The addressees on the covers shown in Figures 18-21 – as well on many others we have come across – are Ukrainian relief organizations that sought to improve the condition of the camp’s inhabitants. The vast majority of the letters went to the "Hilfskomitee für ukrainische Flüchtlinge aus Galizien und der Bukowina" (the Relief Committee for Galician and Bukovinian Refugees), which in 1915 was at Mezzanin 5, Piaristengasse, but by late 1916 was located on Strozzigasse 32 (both in Wien VIII) in Vienna. Some letters went to the "Gesamt-ukrainischen Kulturrates" (United Ukrainian Cultural Council), which was located at the same address and provided supplies and publications of an educational nature. Several letter writers we found decided to ignore regular channels and sent their petitions – using registered mail – straight to the top, to "Lev" Levitsky, the senior Ukrainian member in the Austrian Parliament (Figure 22). In this case, an "a" circular postmark was utilized.

Lev (Leo) was a nickname; his true name was Kost Levytsky. He was elected to the Austrian Parliament in 1907 and to the Galician Diet in 1908. As head of the National Democratic Party, the strongest Ukrainian party, and as chairman of the Ukrainian clubs in the Parliament and Diet, he became the most influential Ukrainian political leader in Galicia by 1910. In 1914 he was elected the president of the Supreme Ukrainian Council in Lviv, and in 1915-16, of the General Ukrainian Council in Vienna

Figure 22. Registered letter mailed to "Lev" Levitsky, the senior Ukrainian member in the Austrian Parliament, on 21 June 1915. Since this was not an official dispatch, full postage was required: 15-heller letter rate and 20-heller registry. Note the Gmünd "a" cancel.

Since the Ukrainian Legion was part of the Imperial Austrian Army, its various units utilised the Austrian Field Post. The Ukrainian Legion’s Facilities at Camp Gmünd were assigned Field Post No. 445. Thus, outgoing military mail from the camp was marked "Field Post 445" and required no postage (Figure 23). However, some military mails were sent via the camp post office and did require franking. Figure 24 presents a distinctive Ukrainian Legion field post correspondence card – with its prominent Ukrainian Legion seal – sent from Camp Gmünd.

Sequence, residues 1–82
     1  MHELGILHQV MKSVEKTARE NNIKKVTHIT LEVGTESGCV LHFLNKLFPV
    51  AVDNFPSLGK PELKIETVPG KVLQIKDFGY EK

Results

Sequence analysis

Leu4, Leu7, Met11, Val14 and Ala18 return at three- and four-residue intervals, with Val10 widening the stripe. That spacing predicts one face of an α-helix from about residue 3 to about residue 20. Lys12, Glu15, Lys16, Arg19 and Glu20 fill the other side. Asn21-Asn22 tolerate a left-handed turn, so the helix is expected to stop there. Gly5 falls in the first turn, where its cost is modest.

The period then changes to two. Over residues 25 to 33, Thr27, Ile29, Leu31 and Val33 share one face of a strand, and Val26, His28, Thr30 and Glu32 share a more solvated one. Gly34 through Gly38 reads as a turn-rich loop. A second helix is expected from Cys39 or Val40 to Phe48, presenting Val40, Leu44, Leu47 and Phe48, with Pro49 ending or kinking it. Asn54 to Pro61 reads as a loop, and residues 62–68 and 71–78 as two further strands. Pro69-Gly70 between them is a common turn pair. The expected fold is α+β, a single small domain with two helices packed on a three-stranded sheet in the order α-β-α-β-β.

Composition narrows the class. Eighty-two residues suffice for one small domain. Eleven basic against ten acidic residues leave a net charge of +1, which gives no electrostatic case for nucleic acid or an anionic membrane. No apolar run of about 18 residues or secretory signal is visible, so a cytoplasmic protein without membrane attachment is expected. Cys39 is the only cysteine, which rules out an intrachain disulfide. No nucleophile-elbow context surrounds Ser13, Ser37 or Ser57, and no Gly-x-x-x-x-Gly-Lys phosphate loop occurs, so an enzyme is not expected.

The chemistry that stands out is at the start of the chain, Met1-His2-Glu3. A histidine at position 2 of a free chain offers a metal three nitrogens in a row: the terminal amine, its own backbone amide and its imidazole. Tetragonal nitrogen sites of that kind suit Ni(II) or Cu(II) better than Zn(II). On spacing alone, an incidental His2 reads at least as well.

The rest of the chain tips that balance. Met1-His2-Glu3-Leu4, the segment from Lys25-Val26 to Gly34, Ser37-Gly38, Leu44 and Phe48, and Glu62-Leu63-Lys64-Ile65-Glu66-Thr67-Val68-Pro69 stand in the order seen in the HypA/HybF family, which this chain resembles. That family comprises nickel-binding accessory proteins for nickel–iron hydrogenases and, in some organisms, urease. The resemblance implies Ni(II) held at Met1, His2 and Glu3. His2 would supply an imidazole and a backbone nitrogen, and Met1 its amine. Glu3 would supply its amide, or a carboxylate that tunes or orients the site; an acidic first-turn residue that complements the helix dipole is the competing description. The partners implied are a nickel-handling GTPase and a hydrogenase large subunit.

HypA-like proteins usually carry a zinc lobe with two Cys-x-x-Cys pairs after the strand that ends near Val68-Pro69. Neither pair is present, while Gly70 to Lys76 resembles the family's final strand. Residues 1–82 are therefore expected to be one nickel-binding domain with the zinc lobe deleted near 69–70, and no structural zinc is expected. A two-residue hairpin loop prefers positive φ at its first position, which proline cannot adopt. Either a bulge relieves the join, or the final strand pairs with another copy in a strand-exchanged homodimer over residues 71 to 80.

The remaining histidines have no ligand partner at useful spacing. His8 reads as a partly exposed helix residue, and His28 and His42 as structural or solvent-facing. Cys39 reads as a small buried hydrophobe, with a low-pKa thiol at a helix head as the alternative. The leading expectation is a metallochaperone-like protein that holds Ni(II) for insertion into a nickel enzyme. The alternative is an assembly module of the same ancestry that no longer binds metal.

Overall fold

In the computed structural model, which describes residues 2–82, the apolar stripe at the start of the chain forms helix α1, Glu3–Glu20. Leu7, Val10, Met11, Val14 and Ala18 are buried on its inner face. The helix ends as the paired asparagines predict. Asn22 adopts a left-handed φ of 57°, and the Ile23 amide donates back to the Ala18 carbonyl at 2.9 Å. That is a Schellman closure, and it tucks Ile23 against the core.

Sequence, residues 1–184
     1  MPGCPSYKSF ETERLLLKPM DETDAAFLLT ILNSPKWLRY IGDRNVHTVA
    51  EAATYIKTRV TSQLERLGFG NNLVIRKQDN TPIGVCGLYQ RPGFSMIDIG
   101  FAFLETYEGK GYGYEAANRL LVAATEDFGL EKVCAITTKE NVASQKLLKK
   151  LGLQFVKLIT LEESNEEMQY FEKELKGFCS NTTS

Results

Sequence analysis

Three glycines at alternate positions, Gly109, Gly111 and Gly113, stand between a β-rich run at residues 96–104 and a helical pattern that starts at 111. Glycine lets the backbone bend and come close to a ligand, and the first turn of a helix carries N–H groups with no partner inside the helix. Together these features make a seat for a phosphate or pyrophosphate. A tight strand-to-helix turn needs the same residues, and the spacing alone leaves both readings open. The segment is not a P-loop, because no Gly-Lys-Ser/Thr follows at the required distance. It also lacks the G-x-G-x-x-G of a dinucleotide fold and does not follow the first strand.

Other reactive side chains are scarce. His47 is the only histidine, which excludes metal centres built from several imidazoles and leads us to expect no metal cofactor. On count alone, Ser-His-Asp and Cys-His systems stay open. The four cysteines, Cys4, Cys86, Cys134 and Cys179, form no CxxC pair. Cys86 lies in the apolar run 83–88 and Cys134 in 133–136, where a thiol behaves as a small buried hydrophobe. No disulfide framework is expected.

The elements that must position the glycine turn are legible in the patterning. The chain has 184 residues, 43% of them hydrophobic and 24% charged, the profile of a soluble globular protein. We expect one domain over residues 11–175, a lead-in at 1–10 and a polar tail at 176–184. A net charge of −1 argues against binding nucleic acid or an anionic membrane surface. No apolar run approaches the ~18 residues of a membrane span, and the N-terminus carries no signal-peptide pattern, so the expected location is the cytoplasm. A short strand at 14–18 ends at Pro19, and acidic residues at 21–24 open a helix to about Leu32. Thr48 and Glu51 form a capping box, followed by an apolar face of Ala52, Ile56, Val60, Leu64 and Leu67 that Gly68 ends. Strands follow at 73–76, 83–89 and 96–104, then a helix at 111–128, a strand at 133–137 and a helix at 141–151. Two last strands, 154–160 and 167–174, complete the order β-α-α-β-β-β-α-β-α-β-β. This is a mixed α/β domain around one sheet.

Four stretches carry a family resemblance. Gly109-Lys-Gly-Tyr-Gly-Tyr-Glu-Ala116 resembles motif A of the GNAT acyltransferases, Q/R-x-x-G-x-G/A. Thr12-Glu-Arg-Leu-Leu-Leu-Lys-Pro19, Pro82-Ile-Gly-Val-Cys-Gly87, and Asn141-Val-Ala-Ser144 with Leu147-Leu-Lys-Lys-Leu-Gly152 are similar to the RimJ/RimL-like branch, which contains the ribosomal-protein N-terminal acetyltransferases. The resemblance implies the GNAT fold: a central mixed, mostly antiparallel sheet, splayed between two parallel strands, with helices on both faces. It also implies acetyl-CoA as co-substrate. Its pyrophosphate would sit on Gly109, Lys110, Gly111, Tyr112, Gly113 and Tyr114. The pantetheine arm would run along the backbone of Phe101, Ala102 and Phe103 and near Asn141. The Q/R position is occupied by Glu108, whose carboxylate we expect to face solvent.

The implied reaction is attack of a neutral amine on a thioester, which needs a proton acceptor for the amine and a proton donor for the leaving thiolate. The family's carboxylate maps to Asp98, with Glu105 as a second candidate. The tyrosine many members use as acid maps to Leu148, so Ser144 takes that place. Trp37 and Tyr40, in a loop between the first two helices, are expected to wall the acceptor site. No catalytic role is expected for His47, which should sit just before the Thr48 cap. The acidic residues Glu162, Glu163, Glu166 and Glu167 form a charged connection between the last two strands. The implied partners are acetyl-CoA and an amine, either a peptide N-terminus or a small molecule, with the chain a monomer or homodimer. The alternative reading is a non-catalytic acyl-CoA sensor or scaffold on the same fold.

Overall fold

Figure 23. Postcard sent via Field Post 445 from Camp Gmünd on 1 June 1917.

Figure 24. Ukrainian Legion field post correspondence card sent via the Gmünd post office on 21 July 1916 franked with a 5-heller stamp to pay the postcard rate. Note the two-line receiving handstamp of the Ukrainian Legion office in Vienna.

We have also been able to locate a few pieces of mail from the Bukovinian Ukrainian refugee camp at Enzersdorf. Figure 25 shows a postcard sent via that camp’s Field Post No. 182.

Figure 25. Postcard sent via Field Post 182 from the Bukovynian Ukrainian refugee camp at Enzersdorf on 26 December 1916.

About 200 to 300 thousand people are estimated to have passed through the Barackenlager Gmünd during the years that the camp remained open (1915-1918). However, many refugees arrived ill, debilitated, emaciated, or wounded. At least 20,000 inhabitants (including Legionaries) died and were buried in Gmünd. Some sources cite a death total of 30 or 35 thousand. (On average, over two dozen people were interred daily.) On 26 September 1964, the 50th anniversary of the camp founding, a monument entitled "Refugees" by the renowned Ukrainian sculptor Gregor Kruk was dedicated to these victims of the war at the Gmünd refugee cemetery.